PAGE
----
The term “hydrogel” was first coined in 1896 to describe hydrophilic materials made of a network of polymers that can absorb and contain large amounts of water. Hydrogel materials are commonly used in contact lenses, packaging, wound dressing (to keep moisture out), and personal care products (think diapers and incontinence undergarments). More recently, hydrogels have been used for biomedical applications like tissue engineering and drug delivery. While hydrogels are widely used across many applications, their ability to absorb water from surrounding air hasn’t been well explored in research.
Recently, however, a team of scientists from the National University of Singapore (NUS) developed a moisture-scavenging material that can absorb about 230 percent of its weight in water from humid environments. The gel, which has been patented by NUS, is capable of humidity-triggered changes that bring into play optical, electrical, and electrochemical properties that can be exploited for a wide range of applications. These include thermo-hygroscopic windows, infrared radiation (IR) blocking windscreens, and even the creation of electrochemical cells for energy harvesting. The new gel can also serve as an effective conducting medium in flexible electronic substrates, enabling the reusability of printed circuit boards and mitigating the volume of solid electronic waste and the energy required for their disposal.
The new hydrogel is a form of zinc oxide—a compound found in sunscreen—that can absorb more than 2.5 times its weight in water from the surrounding environment. Testing has found that it can perform eight times better than commercial drying agents. NUS researchers say it’s suitable for both indoor and outdoor applications and is also relatively cheap and easy to produce.
The hydrogel can reduce relative humidity in a confined space from 60 to 80 percent—within the thermal comfort zone—in less than seven minutes. It makes sense that the gel was developed in Singapore, Tan Swee Ching, assistant professor in the materials science and engineering department at the NUS Faculty of Engineering, told Design News. “Singapore, like many tropical countries, experiences high levels of relative humidity between 70 to 80 percent,” he said. “In a humid environment, the air is saturated with water and, as a result, sweat on our bodies evaporates more slowly. This causes us to feel hotter than the actual ambient temperature, leading to discomfort. Our novel hydrogel aims to achieve a cooling effect by removing moisture from ambient air very efficiently.”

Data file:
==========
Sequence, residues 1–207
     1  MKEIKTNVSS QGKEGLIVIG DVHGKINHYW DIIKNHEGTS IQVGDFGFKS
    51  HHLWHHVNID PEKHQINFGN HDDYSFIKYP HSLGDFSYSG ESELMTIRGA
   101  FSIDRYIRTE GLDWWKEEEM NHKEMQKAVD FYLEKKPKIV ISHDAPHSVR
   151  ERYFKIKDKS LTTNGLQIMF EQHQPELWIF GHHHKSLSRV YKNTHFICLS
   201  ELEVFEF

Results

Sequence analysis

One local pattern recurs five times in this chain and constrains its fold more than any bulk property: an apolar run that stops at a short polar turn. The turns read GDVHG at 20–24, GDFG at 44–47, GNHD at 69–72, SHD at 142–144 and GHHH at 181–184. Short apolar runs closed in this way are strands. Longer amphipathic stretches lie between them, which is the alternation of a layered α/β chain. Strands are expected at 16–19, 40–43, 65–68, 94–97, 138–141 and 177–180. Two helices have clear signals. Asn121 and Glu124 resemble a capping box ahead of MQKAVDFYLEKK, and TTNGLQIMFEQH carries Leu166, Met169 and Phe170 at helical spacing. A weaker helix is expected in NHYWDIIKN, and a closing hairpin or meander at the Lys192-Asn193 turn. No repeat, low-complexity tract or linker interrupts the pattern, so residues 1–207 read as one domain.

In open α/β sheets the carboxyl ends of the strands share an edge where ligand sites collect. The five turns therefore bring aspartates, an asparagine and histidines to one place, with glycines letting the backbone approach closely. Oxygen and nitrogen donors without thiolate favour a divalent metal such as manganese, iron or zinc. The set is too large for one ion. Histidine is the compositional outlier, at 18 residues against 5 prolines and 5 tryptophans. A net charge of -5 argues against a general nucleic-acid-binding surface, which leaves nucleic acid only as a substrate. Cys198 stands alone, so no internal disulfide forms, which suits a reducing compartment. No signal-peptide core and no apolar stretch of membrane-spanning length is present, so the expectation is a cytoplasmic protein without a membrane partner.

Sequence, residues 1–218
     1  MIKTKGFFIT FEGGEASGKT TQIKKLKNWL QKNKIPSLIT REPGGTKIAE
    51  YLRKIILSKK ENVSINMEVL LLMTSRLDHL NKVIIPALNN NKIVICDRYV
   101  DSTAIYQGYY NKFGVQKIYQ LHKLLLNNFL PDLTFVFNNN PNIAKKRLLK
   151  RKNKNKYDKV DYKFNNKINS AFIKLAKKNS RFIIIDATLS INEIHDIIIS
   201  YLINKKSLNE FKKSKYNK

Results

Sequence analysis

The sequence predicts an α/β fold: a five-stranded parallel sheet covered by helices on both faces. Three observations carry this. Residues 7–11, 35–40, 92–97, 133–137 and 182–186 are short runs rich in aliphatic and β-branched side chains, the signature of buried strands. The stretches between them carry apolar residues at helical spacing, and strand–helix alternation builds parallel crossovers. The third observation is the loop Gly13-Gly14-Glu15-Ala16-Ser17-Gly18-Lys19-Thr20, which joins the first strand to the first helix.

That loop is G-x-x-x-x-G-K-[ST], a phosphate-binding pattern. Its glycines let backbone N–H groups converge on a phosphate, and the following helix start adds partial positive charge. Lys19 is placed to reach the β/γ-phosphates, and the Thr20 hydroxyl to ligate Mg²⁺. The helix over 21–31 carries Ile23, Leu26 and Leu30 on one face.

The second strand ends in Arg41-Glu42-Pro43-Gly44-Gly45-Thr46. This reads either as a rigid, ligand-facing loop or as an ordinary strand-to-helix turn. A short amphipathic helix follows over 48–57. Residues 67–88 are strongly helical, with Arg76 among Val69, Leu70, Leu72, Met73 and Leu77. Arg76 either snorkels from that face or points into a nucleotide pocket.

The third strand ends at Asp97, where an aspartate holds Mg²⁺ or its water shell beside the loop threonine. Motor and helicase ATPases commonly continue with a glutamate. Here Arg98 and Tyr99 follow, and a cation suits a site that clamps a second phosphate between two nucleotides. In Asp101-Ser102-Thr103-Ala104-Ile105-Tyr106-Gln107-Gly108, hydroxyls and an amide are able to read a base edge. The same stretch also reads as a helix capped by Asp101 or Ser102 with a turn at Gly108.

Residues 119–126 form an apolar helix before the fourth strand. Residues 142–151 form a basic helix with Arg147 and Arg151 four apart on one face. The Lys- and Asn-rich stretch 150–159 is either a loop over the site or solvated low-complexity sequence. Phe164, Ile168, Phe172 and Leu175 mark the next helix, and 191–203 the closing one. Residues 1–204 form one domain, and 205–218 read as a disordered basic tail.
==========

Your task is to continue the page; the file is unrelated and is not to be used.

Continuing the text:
In addition to absorbing more water—about eight times more—than silica gel or calcium chloride, the hydrogel works faster and uses less material. “Less material” makes it more environmental friendly. And unlike energy-intensive dehumidifying and air-conditioning systems, this hydrogel doesn’t require electricity to operate. It can be easily coated onto walls, windows, and even decorative items to help dehumidify a room.
“We set out to develop a super-hygroscopic material that’s able to absorb moisture from the air to reduce relative humidity,” said Professor Ching. “We didn’t specifically look at developing it as a gel-like material. We thought it could be in powder form.”
With the new hydrogel (compared to old standbys like silica gel and calcium chloride), water can be released at a much lower temperature, making it easier for the material to be used repeatedly. This means that the cost of production is comparable to those materials, as well, and less of it is required.
“By coating our hydrogel on half a wall of a room, it can potentially reduce relative humidity by 20 percent,” Professor Ching told Design News. “A great amount of material would be required to achieve the same effect with a conventional material like calcium chloride or silica gel.”
In a manufacturing environment, the new hydrogel could be used as a drying agent coating material, and the applications for electronics are compelling. “Moisture in the air is a key factor affecting the reliability of electronic components,” said Professor Ching. “Our hydrogel can help in preventing electronic system failure.”
The duration of the hydrogel’s effectiveness depends on the humidity of the environment. If the relative humidity in the air is very high, it will reach its saturation point earlier than in a lower humidity environment. After the hydrogel is fully absorbed with water, heat will cause the water to evaporate, enabling the novel material to be reused again.
The group’s research paper, “A super hygroscopic hydrogel for harnessing ambient humidity for energy conservation and harvesting,” was reported in the journal Energy & Environmental Science.
Tracey Schelmetic graduated from Fairfield University in Fairfield, Conn. and began her long career as a technology and science writer and editor at Appleton & Lange, the now-defunct medical publishing arm of Simon & Schuster. Later, as the editorial director of telecom trade journal Customer Interaction Solutions (today Customer magazine) she became a well-recognized voice in the contact center industry. Today, she is a freelance writer specializing in manufacturing and technology, telecommunications, and enterprise software.
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